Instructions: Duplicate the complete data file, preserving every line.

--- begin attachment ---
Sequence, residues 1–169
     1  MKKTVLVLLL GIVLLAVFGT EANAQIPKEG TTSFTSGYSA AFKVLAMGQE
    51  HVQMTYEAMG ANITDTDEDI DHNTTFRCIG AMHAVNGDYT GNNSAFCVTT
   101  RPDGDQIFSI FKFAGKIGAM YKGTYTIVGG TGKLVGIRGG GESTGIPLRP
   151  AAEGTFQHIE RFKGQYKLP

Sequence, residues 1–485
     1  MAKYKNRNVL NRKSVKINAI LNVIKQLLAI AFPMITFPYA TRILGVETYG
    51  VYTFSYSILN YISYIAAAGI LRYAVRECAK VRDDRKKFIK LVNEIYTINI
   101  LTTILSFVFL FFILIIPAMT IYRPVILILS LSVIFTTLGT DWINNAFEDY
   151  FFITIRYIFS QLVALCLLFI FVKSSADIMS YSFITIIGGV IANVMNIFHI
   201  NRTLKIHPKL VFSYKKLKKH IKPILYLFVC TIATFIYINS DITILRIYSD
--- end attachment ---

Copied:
Sequence, residues 1–169
     1  MKKTVLVLLL GIVLLAVFGT EANAQIPKEG TTSFTSGYSA AFKVLAMGQE
    51  HVQMTYEAMG ANITDTDEDI DHNTTFRCIG AMHAVNGDYT GNNSAFCVTT
   101  RPDGDQIFSI FKFAGKIGAM YKGTYTIVGG TGKLVGIRGG GESTGIPLRP
   151  AAEGTFQHIE RFKGQYKLP

Sequence, residues 1–485
     1  MAKYKNRNVL NRKSVKINAI LNVIKQLLAI AFPMITFPYA TRILGVETYG
    51  VYTFSYSILN YISYIAAAGI LRYAVRECAK VRDDRKKFIK LVNEIYTINI
   101  LTTILSFVFL FFILIIPAMT IYRPVILILS LSVIFTTLGT DWINNAFEDY
   151  FFITIRYIFS QLVALCLLFI FVKSSADIMS YSFITIIGGV IANVMNIFHI
   201  NRTLKIHPKL VFSYKKLKKH IKPILYLFVC TIATFIYINS DITILRIYSD